This blog piece looks at an important concept of Building Information Modelling – Level of Detail (or simply LOD). With both LEGO and construction projects clients will be familiar with what the final constructed ‘building’ looks like. However the final model or building undergoes a series of developments before the design is finalised. This process means that the design can be developed in the most efficient way possible. In very simple terms the more detailed a model is the more time it takes to produce. It also means more time is required to modify more detailed models. Getting the right Level of Detail at the right stage of projects is critical to not introducing waste to the process.
Level of Detail
Level of Detail has different ways of measuring LOD in different parts of the world. For example the US uses LOD100, 200, 300 etc whilst the UK uses LOD2, LOD3, LOD4 etc (embedded in the NBS BIM Toolkit). The problem with these scales is they tend to ignore the early stage models that need to be produced. The key UK document that provides an overview to Level of Detail is PAS1192-2:2013 and is covered in Section 9.9. This more of an overview and this is more useful to explain to clients what Level of Detail means broadly.
RIBA Stage 1: Preparation and Brief (PAS1192-2:2013 9.9.1 refers to this stage as Brief)
PAS 1192-2:2013 describes a “graphical model will either not exist or will inherit information from the AIM (Asset Information Model)”. So in simple terms with our LEGO project, we start with no model or we have an existing LEGO model to build upon.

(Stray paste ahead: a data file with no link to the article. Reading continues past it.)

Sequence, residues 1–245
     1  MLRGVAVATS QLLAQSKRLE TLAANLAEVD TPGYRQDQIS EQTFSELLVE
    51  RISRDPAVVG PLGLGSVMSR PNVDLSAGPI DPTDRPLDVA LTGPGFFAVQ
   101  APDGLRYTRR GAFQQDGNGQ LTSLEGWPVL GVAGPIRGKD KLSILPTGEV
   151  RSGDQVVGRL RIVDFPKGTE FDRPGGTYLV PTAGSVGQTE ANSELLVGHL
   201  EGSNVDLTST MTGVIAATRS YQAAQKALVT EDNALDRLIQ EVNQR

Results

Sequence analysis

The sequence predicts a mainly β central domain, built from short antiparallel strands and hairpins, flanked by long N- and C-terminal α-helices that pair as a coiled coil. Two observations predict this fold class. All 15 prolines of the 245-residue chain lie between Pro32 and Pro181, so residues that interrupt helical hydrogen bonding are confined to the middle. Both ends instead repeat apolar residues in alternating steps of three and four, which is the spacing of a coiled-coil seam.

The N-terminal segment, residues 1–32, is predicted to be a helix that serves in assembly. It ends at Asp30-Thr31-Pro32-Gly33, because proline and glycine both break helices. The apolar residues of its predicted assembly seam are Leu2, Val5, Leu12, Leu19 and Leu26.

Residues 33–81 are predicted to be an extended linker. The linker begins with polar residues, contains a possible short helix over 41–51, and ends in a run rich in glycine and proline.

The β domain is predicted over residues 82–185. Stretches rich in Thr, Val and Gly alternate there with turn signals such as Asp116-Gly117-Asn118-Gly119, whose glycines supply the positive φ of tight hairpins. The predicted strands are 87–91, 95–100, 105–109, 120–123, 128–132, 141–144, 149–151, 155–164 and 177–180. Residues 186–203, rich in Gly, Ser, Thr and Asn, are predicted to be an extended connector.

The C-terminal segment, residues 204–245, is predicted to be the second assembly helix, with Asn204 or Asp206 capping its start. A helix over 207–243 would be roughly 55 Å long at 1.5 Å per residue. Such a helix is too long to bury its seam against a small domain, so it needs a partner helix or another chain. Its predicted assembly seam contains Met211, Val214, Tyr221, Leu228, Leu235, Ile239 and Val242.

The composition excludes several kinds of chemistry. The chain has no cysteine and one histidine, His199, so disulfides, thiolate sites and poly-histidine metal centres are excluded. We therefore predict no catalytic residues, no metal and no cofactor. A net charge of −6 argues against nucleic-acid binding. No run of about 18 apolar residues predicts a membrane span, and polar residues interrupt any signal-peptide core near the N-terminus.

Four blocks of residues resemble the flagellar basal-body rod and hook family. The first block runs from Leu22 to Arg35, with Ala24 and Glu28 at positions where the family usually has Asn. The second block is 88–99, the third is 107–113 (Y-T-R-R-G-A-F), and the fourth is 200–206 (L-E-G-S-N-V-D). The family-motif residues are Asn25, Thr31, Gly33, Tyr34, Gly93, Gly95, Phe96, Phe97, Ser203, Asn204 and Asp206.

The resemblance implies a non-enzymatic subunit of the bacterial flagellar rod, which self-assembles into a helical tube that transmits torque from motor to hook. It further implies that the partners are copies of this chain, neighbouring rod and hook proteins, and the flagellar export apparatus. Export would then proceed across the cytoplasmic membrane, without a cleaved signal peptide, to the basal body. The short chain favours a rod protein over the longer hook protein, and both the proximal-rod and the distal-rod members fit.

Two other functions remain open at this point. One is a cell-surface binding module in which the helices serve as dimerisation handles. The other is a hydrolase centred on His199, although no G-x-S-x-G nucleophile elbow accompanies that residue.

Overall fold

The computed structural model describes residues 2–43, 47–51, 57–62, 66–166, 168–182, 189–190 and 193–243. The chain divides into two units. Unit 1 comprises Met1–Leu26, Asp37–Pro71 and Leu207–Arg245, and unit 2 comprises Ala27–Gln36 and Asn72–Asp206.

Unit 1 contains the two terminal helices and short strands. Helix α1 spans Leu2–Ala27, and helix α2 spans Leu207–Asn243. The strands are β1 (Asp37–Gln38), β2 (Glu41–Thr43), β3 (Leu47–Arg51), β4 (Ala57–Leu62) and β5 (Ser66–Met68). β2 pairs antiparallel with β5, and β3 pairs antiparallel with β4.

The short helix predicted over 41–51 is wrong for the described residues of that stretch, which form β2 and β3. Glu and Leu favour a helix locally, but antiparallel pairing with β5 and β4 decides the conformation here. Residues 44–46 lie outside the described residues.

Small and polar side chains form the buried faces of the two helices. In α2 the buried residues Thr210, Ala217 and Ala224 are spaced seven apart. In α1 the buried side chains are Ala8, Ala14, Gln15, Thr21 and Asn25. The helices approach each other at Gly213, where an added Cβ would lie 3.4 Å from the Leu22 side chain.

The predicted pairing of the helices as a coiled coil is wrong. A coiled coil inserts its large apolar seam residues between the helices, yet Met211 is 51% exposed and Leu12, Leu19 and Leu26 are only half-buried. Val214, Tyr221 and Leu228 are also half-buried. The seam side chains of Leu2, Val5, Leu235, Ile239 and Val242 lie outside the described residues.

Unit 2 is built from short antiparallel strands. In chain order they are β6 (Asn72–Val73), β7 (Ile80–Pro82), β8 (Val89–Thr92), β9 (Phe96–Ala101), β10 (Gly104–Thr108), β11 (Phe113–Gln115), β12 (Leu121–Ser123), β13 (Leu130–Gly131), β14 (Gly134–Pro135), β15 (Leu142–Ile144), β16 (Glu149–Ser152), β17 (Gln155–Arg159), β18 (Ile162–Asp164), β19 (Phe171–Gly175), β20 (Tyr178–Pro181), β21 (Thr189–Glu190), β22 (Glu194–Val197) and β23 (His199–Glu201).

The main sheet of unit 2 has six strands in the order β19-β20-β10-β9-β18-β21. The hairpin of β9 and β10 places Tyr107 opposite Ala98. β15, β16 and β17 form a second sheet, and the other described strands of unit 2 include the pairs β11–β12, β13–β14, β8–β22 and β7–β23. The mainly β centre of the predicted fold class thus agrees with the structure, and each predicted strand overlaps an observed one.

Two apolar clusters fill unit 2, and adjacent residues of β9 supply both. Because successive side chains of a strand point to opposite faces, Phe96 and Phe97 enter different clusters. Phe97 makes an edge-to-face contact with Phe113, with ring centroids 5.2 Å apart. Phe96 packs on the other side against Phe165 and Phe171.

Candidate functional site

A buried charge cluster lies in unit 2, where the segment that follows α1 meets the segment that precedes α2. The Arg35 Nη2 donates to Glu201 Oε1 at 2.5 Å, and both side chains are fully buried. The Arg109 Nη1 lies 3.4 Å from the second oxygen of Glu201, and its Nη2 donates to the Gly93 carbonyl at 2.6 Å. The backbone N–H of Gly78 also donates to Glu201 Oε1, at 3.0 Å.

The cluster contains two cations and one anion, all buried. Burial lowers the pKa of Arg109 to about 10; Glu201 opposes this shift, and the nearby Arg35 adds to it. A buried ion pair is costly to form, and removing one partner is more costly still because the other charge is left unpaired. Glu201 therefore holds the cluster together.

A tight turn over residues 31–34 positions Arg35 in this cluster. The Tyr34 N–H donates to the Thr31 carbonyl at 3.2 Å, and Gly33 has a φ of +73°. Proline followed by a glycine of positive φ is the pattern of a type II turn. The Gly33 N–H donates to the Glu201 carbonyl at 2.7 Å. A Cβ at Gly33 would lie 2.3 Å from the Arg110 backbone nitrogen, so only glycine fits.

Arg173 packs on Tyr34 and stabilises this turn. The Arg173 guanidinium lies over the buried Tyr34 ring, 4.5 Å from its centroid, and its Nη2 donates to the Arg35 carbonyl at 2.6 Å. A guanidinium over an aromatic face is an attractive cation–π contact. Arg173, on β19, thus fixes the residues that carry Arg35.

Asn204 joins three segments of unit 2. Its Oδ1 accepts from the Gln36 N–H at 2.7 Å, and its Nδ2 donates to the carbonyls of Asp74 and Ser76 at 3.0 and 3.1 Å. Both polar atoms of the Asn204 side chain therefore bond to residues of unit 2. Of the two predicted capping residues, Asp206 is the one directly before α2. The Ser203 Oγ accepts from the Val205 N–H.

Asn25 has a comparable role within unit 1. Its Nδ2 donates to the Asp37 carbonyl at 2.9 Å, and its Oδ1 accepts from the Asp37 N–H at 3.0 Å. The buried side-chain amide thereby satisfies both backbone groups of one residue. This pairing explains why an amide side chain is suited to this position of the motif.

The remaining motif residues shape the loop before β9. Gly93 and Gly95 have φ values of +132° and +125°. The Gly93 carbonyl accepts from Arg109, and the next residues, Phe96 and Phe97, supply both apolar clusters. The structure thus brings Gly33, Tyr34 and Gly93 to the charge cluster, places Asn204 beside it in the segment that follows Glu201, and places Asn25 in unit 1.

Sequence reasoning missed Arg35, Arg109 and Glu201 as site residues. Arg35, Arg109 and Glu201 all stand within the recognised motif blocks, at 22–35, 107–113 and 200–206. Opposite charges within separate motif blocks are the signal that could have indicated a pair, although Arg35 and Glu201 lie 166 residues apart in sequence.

Of course in order to develop a model from scratch we need to think about the design. With LEGO we could just begin putting pieces together but for construction projects we need to design the idea in stages so we create what is in the mind of others, rather than simply modelling what we want. Often this will start even before model authoring tools are even used with pen and paper (and no these are not a dirty words with a BIM process!) to develop initial sketches.
Image: An early sketch design [click image to enlarge]
RIBA Stage 2: Concept Design (PAS1192-2:2013 9.9.2 refers to this stage as Concept)
PAS 1192-2:2013 describes “at concept design stage the graphical design may only show a massing diagram or specify a symbol in 2D to represent a generic element”.
A concept model is typically used early in a design process or for providing context to a detailed model (i.e. surrounding buildings where a high level of detail is not required). These models can vary in terms of detail, from very simple block models through to more developed massing. The important thing to understand about these models is they are not made up of individual pieces. So for example in the image below the first floor is only one element.